Economy 4 MIN READ

Gov’t makes full award of reissued 10-year bonds

May 3, 2023By BusinessWorld

THE GOVERNMENT fully awarded the reissued 10-year Treasury bonds (T-bonds) it auctioned off on Wednesday as rates were lower than secondary market levels.

The Bureau of the Treasury (BTr) raised PHP 25 billion as planned from the reissued 10-year bonds it offered on Wednesday as total bids reached PHP 61.793 billion, or more than twice the amount on the auction block.

The bonds, which have a remaining life of five years and eight months, were awarded at an average rate of 5.925%, with accepted yields ranging from 5.85% to 5.974%.

The average rate of the issue was 13.40 basis points (bps) higher than the 5.791% quoted for the series when it was last offered on Aug. 9.

Still, this was 95 bps below the 6.875% coupon for the issue set when it was first issued in January 2019.

This was likewise 6 bps lower than the 5.985% quoted for the six-year bond and 7.3 bps than the 6.025% seen for the same bond series at the secondary market prior to Wednesday’s auction, based on PHP Bloomberg Valuation Service Reference Rates data provided by the Treasury.

“The Auction Committee fully awarded the reissued 10-year Treasury Bonds at today’s auction. With a remaining term of 5 years and 8 months, the reissued bonds (FXTN 10-64) fetched an average rate of 5.925%, lower than the original coupon rate of 6.875% set on its first issuance in January 2019 and current secondary market benchmark rates,” the BTr said in a statement.

“The auction attracted PHP 61.8 billion in total tenders, 2.5 times the PHP 25-billion offer. With its decision, the committee raised the full program of PHP 25 billion, bringing the total outstanding volume for the series to PHP 295.0 billion,” it added.

The Treasury made a full award of its bond offer as the average rate was below secondary market yields, Rizal Commercial Banking Corp. Chief Economist Michael L. Ricafort said in a Viber message.

This came amid lower global crude oil prices recently, Mr. Ricafort said.

Oil prices sank by about 5% to a five-week low on Tuesday, with Brent futures falling USD 3.99 or 5% to settle at USD 75.32 a barrel, while West Texas Intermediate crude fell USD 4 or 5.3% to end at USD 71.66, Reuters reported.

That was the lowest close for both benchmarks since March 24 and was also their biggest one-day percentage declines since early January.

“The large maturities of seven-year T-bonds… also added to liquidity in the financial system and somewhat added to the demand for government securities in the market,” Mr. Ricafort added.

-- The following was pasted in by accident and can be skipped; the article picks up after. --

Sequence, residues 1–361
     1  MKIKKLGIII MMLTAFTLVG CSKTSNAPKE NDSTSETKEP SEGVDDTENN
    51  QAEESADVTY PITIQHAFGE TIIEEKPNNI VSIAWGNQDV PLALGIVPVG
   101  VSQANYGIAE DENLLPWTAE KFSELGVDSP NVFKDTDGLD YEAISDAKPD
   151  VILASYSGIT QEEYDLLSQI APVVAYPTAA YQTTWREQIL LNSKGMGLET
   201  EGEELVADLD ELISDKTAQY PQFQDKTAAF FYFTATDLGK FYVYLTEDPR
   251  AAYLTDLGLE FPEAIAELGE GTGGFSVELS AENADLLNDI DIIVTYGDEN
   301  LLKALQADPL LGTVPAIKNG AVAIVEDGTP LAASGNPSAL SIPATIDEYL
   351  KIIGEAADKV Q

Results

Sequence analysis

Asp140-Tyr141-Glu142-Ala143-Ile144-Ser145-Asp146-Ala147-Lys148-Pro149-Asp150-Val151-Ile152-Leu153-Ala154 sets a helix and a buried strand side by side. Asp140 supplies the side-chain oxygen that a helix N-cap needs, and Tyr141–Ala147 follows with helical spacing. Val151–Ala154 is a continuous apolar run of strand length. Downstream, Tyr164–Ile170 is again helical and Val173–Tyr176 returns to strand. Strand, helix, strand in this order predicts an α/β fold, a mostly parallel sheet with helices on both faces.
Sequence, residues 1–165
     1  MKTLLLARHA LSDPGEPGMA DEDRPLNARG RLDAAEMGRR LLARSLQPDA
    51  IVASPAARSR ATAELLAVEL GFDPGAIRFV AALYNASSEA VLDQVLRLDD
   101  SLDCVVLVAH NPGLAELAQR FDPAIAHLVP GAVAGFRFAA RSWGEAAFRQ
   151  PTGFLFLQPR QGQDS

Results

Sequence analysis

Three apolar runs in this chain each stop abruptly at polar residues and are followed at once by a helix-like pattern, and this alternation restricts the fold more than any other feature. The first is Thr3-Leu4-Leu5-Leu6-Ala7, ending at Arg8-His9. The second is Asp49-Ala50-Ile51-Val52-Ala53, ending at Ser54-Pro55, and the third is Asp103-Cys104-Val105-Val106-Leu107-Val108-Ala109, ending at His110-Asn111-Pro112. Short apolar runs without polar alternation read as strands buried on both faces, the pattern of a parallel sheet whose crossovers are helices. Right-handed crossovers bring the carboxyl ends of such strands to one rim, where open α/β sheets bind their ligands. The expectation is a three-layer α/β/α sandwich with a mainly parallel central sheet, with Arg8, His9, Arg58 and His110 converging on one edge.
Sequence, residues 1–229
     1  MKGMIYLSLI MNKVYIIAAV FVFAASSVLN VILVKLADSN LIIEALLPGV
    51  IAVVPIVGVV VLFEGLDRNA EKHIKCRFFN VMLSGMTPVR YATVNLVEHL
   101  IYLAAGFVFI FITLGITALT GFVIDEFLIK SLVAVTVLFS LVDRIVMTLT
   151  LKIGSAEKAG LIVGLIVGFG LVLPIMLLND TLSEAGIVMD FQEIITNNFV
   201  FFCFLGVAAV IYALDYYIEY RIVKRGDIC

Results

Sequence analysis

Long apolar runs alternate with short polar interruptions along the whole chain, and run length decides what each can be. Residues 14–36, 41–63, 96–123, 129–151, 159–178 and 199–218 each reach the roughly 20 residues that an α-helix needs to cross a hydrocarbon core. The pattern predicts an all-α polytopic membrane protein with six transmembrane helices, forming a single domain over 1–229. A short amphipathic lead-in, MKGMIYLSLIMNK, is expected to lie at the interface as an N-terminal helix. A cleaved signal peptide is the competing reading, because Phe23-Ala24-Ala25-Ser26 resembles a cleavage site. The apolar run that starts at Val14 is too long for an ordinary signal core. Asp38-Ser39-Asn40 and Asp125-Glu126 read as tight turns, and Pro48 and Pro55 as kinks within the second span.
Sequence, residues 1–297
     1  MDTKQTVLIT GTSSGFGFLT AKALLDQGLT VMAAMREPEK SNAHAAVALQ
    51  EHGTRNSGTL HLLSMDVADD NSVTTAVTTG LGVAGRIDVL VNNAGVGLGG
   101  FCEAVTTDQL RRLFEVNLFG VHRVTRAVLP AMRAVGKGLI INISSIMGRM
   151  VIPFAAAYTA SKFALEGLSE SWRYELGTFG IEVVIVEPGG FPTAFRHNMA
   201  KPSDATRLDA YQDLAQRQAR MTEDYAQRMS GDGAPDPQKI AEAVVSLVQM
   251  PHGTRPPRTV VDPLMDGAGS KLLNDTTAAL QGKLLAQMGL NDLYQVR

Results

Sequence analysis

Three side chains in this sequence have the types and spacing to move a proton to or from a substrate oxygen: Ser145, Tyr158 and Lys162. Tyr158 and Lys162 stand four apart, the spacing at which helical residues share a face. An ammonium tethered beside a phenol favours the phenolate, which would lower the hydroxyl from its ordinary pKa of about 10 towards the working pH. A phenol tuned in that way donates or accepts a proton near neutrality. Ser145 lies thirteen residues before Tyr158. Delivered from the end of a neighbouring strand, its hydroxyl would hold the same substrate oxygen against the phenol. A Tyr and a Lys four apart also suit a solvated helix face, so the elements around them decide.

Meanwhile, a trader said the auction result was contrary to their expectations that investors would ask for yields above 6% or close to the Bangko Sentral ng Pilipinas’ (BSP) key rate.

The trader said the demand likely came from end-user clients who wanted to lock in yields.

The Monetary Board last month hiked borrowing costs by 25 bps to help bring down elevated inflation, bringing its policy rate to a 16-month high of 6.25%.

Since May 2022, the BSP has raised benchmark rates by a total of 425 bps.

It will hold its next policy meeting on May 18.

BSP Governor Felipe M. Medalla last month said the Monetary Board could consider pausing its tightening cycle at its next meeting if inflation eased further in April.

Inflation likely slowed further in April amid lower food prices, electricity rate cuts, and favorable base effects, analysts said.

A BusinessWorld poll of 14 analysts yielded a median estimate of 7% for April inflation, settling near the upper end of the BSP’s 6.3-7.1% forecast range for the month.

If realized, this would be slower than the 7.6% in March, but faster than the 4.9% in April 2022. This will also be the slowest since the 6.9% print in September last year.

However, it would surpass the BSP’s 2-4% target for the 13th consecutive month.

April consumer price index data will be released on May 5, Friday.

The BTr wants to raise PHP 175 billion from the domestic market this month, or PHP 75 billion via Treasury bills and PHP 100 billion via T-bonds.

The government borrows from local and foreign sources to help fund its budget deficit, which is capped at 6.1% of gross domestic product this year. — By A.M.C. Sy with Reuters

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